Treasury calls for new bankruptcy code to avert federal backstop for failing banks

Treasury calls for new bankruptcy code to avert federal backstop for failing banks
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The Treasury Department on Wednesday called for preserving a limited form of a federal fund meant to protect the U.S. economy from bank failures, a policy long targeted by conservatives.

In a report released Wednesday, the Treasury said that the Dodd-Frank Act’s orderly liquidation authority (OLA) has serious flaws and should only be used in extreme conditions.

The department called on Congress to expand the federal bankruptcy code to include a better process for failing banks to dissolve without sparking a credit freeze.


“Our recommendations begin with a proposal to narrow the path to OLA by building a more robust, effective bankruptcy process for financial companies,” Treasury wrote in the report.

The report takes aim at a key provision of the Dodd-Frank rules passed after the 2008 financial crisis meant to prevent a similar crash from happening again. 

Dodd-Frank empowers the Federal Deposit Insurance Corporation (FDIC) to take over the assets of failing banks or financial firms that could trigger widespread financial turmoil upon collapse. Dodd-Frank's OLA gives FDIC access to a fund financed by fees on banks and major financial firms that would give the agency enough resources to disassemble the bank.

Democrats and Dodd-Frank’s supporters say OLA is a critical tool that prevents the need for the federal government to bail out failing banks. They argue that since the fund doesn't use taxpayer money, it helps protect Americans from exposure to risks in the financial markets.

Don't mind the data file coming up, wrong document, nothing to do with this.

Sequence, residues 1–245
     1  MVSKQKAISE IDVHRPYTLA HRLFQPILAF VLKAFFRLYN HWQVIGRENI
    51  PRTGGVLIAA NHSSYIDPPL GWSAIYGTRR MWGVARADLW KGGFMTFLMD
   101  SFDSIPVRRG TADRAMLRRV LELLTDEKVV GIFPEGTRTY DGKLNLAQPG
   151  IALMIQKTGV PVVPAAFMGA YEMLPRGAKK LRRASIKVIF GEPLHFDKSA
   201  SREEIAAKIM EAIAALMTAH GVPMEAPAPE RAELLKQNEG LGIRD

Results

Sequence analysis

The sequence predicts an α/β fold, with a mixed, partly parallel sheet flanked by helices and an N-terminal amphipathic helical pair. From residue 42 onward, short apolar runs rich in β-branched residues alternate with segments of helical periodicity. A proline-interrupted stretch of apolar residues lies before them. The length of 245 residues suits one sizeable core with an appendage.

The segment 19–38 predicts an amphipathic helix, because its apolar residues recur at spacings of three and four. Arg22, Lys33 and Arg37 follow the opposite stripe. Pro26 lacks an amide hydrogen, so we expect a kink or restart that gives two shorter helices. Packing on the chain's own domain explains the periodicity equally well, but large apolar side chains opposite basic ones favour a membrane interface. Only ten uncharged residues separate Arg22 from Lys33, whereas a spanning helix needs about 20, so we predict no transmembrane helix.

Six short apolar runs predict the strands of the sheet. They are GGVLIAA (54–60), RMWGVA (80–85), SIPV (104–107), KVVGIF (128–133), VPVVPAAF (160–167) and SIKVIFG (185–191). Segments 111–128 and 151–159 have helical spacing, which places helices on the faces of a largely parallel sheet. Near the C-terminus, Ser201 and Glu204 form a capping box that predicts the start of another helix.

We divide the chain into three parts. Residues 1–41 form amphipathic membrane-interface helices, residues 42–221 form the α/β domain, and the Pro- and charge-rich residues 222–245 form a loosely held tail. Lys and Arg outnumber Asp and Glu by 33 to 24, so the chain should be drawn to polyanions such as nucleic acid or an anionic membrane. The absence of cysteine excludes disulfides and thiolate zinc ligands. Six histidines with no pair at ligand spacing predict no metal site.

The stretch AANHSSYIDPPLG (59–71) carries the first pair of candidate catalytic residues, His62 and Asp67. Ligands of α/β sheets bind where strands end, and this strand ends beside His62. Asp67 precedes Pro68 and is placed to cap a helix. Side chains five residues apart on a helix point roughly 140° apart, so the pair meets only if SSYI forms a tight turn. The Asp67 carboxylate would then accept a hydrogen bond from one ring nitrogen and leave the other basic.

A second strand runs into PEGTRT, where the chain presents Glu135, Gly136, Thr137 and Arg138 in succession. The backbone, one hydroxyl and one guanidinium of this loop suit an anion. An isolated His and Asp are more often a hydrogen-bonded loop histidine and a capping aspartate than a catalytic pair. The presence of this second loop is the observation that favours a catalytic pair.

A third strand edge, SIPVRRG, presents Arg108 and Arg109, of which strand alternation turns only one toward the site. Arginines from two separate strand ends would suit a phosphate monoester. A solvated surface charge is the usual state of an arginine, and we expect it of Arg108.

Critics of the law, including Republicans, have long argued that the OLA incentivizes risky behavior at big banks with a government guarantee they consider a bailout, despite the lack of taxpayer funding. House conservatives made replacing OLA with a new bankruptcy process for banks a centerpiece of their efforts to dismantle Dodd-Frank, but it hasn't seen action in the Senate.

Treasury agreed with conservative criticisms of OLA, but proposed a more moderate path in line with the financial industry’s post-crisis consensus.

“We conclude unequivocally that bankruptcy should be the resolution method of first resort. Our reason is simple: market discipline is the surest check on excessive risk-taking, and the bankruptcy process reinforces market discipline through a rules-based, predictable, judicially administered allocation of losses from a firm’s failure,” Treasury wrote.

Treasury has proposed adding a new, 14th chapter to the bankruptcy code. The “Chapter 14” policy would allow a failing bank or financial firm to petition a court for approval to transfer its assets to a bridge company within 48 hours. That bridge company would also take on the ownership assets of the financial company’s subsidiaries, a move meant to prevent the company from self-immolating.